India’s national security environment is determined by a complex interplay of its geographical attributes, historical legacy, and socio-economic circumstances as well as regional and global developments…The security environment that has been highlighted above clearly brings out four key elements that are fundamental determinants of our security planning. These are:
- The Indian Armed Forces have a two front obligation, which require them to safeguard the security of our borders with Pakistan as well as with China;
- India is not a member of any military alliance or strategic grouping, nor is this consistent with our policies necessitating a certain independent deterrent capability;
- Due to external abetment, India’s Armed Forces are involved in internal security functions on a relatively larger scale than is normal requiring a force structure that will be able to cope with it; and
- India’s interests in the North Indian Ocean, including the security of our EEZ and Island territories, highlight the need for a blue water Naval capability commensurate with our responsibilities.
Notwithstanding this pontification, acquisition of modern military equipment and implementation of latest military strategy in the current geopolitical scenario should have led to a concomitant reduction in the strength of the army. This reduction can not be to please the peaceniks or to score brownie points at international platforms; it should be based on current geopolitical realities, acquisition of latest weaponry and equipment, concurrent organisational changes and a coherent military strategy. The modernisation plans have not even been finalised in the past, as with the tenth plan, and it would be naive to hope for any improvements with the eleventh plan. In any case, these capital acquisition plans need money and three-quarters of the army budget goes towards salaries and other revenue expenses. So, where does one start? The hawks may seek larger allocations to the army for modernisation but the cogent argument is that the numbers must reduce for greater capital acquisitions. It has to be a well thought out process, backed by deft political and diplomatic manoeuvres, and implemented after a fundamental change in the noesis of the top military brass. This is not to make a case for a cadaverous army, but to trim the extra fat for a well sculpted lean and fit fighting machine; else the organisation will continue to be wanner by the day.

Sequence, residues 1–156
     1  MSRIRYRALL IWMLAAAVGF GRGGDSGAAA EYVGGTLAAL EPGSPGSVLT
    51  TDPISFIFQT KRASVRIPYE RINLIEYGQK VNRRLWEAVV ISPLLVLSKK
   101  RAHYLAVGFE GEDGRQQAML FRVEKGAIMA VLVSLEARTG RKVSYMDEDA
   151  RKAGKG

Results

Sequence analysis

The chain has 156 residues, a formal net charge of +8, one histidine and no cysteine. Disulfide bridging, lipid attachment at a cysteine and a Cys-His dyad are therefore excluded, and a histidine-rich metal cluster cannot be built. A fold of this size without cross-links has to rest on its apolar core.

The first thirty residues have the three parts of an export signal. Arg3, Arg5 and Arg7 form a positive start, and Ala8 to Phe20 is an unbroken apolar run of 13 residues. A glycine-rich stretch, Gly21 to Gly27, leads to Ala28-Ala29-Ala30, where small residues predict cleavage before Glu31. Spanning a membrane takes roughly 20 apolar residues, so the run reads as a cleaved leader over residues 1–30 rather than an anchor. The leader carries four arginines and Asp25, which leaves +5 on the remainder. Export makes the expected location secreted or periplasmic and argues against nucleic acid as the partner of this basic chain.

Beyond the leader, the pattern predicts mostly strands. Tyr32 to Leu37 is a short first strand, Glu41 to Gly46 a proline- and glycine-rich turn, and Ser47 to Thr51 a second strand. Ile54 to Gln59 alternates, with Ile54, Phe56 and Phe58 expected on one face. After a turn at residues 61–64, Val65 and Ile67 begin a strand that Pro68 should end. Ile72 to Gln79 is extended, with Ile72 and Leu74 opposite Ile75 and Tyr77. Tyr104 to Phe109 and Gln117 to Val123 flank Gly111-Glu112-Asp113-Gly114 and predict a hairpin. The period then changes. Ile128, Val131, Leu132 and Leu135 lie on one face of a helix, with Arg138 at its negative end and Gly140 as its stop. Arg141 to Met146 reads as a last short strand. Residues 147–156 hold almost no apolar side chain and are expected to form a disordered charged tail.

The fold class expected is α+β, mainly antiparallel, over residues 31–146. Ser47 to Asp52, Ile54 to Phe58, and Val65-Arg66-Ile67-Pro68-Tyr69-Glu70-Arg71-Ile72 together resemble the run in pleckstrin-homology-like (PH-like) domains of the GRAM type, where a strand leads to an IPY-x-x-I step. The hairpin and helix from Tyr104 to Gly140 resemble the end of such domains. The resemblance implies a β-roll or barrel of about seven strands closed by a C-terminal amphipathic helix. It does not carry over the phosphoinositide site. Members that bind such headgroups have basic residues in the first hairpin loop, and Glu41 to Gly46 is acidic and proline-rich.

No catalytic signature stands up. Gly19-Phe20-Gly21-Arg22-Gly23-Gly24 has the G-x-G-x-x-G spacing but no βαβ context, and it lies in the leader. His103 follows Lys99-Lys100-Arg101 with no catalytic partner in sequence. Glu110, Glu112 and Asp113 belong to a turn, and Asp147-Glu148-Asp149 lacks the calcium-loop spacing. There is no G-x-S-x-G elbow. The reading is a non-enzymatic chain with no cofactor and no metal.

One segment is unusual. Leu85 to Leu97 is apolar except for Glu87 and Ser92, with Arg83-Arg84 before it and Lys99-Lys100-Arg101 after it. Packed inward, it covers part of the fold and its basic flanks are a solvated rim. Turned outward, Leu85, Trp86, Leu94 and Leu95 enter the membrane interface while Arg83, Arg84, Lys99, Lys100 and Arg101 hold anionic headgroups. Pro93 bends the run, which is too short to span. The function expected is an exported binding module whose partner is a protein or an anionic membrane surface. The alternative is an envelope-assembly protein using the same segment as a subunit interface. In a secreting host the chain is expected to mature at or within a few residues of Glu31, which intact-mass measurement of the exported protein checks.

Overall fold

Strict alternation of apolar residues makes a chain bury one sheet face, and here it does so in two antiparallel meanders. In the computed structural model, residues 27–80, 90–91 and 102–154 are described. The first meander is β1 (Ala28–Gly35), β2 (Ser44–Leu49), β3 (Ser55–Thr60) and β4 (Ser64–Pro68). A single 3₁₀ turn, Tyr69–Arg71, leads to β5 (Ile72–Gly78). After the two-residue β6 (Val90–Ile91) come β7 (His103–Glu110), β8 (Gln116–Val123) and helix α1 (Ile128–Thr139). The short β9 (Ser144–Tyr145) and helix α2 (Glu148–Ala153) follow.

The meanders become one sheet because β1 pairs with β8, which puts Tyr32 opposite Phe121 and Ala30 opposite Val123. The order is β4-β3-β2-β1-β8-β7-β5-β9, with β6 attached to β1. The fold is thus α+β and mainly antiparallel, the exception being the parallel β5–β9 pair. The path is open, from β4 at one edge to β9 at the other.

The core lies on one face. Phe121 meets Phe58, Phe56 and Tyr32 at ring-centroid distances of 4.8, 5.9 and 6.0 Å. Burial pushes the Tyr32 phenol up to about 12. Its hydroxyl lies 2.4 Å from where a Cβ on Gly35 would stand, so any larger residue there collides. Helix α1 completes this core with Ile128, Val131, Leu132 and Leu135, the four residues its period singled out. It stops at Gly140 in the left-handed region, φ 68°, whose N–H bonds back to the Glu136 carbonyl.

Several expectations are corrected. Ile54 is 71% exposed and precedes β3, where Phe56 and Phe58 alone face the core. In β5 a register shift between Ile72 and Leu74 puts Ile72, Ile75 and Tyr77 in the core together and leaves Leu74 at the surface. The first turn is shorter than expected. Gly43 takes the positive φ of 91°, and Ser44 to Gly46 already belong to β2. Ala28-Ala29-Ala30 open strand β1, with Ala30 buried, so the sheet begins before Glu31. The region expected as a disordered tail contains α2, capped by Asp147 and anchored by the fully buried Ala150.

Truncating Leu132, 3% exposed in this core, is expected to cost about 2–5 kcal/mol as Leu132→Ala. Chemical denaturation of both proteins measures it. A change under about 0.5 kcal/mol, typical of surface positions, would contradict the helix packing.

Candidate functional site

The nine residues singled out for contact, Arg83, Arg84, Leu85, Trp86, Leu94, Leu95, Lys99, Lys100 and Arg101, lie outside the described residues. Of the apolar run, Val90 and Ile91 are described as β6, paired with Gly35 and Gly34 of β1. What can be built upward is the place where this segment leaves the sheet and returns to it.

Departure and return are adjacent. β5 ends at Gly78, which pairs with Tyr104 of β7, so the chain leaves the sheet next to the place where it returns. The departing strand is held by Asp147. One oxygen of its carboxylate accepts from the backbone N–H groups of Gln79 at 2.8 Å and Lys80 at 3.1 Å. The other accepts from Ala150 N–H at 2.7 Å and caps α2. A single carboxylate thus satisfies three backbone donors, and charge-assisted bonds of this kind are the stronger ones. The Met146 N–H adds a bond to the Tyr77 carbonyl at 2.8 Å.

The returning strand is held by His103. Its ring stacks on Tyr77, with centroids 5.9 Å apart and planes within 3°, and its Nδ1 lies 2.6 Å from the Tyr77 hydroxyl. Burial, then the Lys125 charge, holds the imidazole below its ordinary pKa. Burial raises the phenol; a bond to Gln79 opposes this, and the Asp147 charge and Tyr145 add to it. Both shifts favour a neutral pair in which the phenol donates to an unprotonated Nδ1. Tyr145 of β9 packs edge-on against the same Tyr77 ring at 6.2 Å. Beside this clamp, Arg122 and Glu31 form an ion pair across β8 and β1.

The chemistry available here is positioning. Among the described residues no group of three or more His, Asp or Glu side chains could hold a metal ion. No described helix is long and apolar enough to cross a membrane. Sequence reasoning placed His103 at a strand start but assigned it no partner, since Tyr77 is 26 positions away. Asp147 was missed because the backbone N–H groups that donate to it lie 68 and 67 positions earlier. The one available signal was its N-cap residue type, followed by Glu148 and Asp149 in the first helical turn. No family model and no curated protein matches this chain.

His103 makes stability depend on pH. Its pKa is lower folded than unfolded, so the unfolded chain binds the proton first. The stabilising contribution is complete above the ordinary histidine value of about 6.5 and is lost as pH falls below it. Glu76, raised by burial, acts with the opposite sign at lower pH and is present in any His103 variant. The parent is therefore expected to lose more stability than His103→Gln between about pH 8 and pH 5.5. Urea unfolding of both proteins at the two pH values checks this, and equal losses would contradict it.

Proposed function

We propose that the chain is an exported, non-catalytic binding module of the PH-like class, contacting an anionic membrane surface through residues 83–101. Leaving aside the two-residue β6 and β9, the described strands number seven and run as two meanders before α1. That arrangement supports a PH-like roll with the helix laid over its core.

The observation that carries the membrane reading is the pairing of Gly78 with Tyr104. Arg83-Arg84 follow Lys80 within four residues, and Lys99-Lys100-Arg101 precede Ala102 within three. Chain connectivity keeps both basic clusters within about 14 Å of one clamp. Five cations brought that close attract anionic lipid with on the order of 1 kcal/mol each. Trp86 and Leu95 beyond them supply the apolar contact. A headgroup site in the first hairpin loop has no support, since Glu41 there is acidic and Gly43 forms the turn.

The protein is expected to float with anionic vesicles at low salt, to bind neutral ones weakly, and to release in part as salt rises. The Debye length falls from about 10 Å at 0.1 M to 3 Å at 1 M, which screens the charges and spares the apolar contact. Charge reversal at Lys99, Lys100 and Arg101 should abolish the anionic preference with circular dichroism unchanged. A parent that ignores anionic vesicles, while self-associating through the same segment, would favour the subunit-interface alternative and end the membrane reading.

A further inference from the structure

Besides, the happenings after the parliament attack and the détente with Pakistan are a pointer to the geopolitical situation that befalls the Indian army. Kargil could not escalate into a full fledged war due to international fears of a nuclear showdown. In his book ‘The world is flat’ Thomas Friedman has highlighted the pressures at the highest levels on the Indian government that prevented the détente with Pakistan from escalating in 2002. A full-fledged war with Pakistan and China seems far-fetched at the moment, but it would be imprudent to rule out its possibility altogether. In any case, it has been acknowledged in most quarters that the army was unable to mobilise in time after the parliament attacks and thus the small ‘window of opportunity’ was lost. The current army chief thus came up with a new strategy to mobilise faster and score short term gains (read occupation of enemy territory) before international pressure leads to a ceasefire. But even this hortatory thinking and bold strategy hasn’t been backed by any talk of reducing the strength of the army. What you hear in turn is the huge shortage of officers in the army – this is again a myth that needs to be demolished.
To be continued…